Pain development in injured shoulder followed by subsequent development of RCT and pain in contralateral shoulder
Patients with a partial- or full-thickness RCT ipsilaterally to the trauma have a 36% risk of developing a full-thickness tear of the contralateral rotator cuff, with noticeable deficits in shoulder function related to daily living activities, even if the tear is asymptomatic.63–65 The size of an RCT tear is an important factor in the development of increased symptoms. In contrast, patients with a partial-thickness tear or a normal rotator cuff on the painful side have rates of full-thickness tears that are low on the asymptomatic side of 4.3% and 0.5%, respectively.
A 67-year-old male had a motor scooter accident causing him to fall to the ground, landing on his shoulder. Due to excruciating pain, the subject consumed ibuprofen (200 mg) and hydrocodone 7.5 (mg) up to six times per day as required. Although the subject had surgery to repair the damage scheduled, he wanted to try an alternative to surgery. As such, about 2.5 months following the accident, the subject received one injection of PRP into the right shoulder in the hope that the PRP would alleviate the pain and induce healing. By 7 days following the PRP injection, the subject’s pain had decreased significantly, and by the end of the following 7 days he had stopped use of all analgesics. The scheduled surgery was canceled. After an additional 3 months, the patient had slight but annoying residual pain. The patient received a corticosteroid injection, and after 3 weeks was about 98% pain-free. The patient remained virtually pain-free more than 2 years and 2 months following the PRP injection.
About 7 months following the accident, the subject began to feel pain in the left shoulder contralaterally to the one that had caused the extreme pain. Although the pain was intense, it was not as severe as the pain of the first shoulder. Magnetic resonance imaging indicated that the pain was due to a partial tear of the left supraspinatus muscle. The pain was treated with ibuprofen 400 mg four times per day and hydrocodone 7.4 mg every day as needed, but the pain did not decrease with time.
After about 3 months of persistent pain, the patient received an injection of PRP into the second shoulder. By 1.5 months following the PRP injection, no pain relief had developed and the pain persisted at a relatively constant level for about another 5 weeks. Seeking pain relief, the subject received a corticosteroid injection into the shoulder, and within 12 days the pain had disappeared and the patient went off all analgesics. At 15 months following the corticosteroid injection, the second shoulder remained almost 100% pain-free. The subject still suffers some muscle weakness and there are some tasks, such as lifting heavy objects above his head, which he is unable to do. However, the patient considers the treatment a complete success. The patient provided written informed consent to have the case details published.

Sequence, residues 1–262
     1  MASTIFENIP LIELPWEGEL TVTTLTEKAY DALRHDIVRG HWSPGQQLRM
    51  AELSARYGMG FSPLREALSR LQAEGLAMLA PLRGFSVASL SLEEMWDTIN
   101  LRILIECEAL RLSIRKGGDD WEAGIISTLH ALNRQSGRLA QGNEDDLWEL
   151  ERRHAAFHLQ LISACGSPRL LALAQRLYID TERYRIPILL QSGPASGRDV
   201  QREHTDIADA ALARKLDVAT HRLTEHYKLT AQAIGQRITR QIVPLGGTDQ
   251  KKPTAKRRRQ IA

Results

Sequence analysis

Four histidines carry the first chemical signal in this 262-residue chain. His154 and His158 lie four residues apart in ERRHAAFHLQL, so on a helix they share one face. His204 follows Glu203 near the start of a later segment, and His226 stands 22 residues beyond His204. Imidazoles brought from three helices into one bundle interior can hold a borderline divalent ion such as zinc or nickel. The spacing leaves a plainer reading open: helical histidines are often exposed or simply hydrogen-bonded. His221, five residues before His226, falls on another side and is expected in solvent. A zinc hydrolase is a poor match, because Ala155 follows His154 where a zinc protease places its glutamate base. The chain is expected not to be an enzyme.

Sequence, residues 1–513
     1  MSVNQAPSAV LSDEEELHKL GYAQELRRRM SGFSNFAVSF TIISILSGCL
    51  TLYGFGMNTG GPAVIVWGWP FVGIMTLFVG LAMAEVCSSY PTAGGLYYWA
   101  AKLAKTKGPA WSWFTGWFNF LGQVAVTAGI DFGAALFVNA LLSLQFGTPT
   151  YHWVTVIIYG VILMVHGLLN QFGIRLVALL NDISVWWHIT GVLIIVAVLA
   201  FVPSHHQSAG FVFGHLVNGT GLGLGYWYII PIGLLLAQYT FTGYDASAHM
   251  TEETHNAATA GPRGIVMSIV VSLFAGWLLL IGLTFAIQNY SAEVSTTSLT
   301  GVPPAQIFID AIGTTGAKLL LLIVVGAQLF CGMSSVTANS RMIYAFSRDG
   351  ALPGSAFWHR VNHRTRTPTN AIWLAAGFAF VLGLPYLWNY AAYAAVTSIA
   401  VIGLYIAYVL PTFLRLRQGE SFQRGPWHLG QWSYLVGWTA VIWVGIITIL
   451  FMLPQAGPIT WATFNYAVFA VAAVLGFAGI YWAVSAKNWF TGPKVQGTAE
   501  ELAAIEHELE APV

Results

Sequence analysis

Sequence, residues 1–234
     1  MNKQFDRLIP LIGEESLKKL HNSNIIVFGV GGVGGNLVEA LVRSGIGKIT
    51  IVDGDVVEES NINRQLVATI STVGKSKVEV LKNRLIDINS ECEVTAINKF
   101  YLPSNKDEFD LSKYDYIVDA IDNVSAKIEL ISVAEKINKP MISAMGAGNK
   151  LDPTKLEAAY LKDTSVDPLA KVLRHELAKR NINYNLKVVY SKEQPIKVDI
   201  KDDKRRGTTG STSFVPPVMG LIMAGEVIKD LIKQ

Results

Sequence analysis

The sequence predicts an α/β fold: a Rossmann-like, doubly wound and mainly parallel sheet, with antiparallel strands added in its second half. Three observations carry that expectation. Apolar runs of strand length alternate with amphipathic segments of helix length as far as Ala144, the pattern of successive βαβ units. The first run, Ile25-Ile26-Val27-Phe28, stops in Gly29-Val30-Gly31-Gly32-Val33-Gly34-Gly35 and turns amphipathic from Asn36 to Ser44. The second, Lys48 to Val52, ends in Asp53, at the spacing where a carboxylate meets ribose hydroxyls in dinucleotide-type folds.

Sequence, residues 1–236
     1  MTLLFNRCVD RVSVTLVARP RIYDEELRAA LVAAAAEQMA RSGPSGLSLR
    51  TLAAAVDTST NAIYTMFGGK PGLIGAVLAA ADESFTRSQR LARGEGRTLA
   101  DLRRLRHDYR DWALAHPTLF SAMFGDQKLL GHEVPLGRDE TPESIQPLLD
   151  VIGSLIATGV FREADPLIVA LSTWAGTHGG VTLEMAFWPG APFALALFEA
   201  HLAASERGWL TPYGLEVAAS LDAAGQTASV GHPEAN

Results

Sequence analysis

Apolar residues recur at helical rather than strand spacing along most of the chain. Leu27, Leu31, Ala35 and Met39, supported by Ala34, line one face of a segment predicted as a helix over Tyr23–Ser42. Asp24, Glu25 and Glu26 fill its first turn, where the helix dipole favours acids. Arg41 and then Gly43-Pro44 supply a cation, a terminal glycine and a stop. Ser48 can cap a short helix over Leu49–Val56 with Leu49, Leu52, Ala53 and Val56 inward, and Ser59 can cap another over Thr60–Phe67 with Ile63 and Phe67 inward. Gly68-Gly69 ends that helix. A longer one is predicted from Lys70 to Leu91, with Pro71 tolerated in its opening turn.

Many studies have reported success using PRP injections to reduce or eliminate chronic pain associated with RCTs and other tendon injuries.21,39–41 However, systematic studies comparing the results of studies reporting the efficacy of PRP injection in providing pain relief have generally not found any statistical evidence supporting the claim that PRP is effective.26–28,31–33 These studies concluded that the major faults with studies claiming PRP efficacy in providing pain relief were their small samples and being uncontrolled. However, these comparative studies typically did not take into account factors that could significantly influence PRP efficacy.44,45,47,51,52 As such, the results from comparative studies should be considered valid only if they come from individuals on whom the same technique and device was used to prepare and administer the PRP,16–18,66–68 PRP was administered at the same time posttrauma, similar volumes of PRP were administered, PRP was applied to the same type of tissue, whether the physiological status of the patients was taken into account, and whether the study was clinical or on an animal model. Although these are rigorous requirements, only by comparing standardized studies will it be possible to determine whether PRP is truly effective. Comparing results from different standardized studies involving different sets of parameters should provide insights into which variables influence the potential efficacy of PRP on pain relief.
This paper discusses the results of a patient who developed excruciating chronic pain associated with RCTs in one shoulder and for whom the pain was virtually eliminated by an injection of PRP. The shoulder remained virtually 100% pain-free after 2 years and 2 months. At 7 months after the initial injury, severe chronic pain developed in the contralateral shoulder. An injection of PRP, prepared using the same technique as the first batch of PRP and administered by the same person, provided no pain relief. However, a subsequent injection of corticosteroid into that shoulder led to the elimination of the pain. That shoulder remained virtually 100% pain-free 17 months after the PRP injection and 15 months following the corticosteroid injection.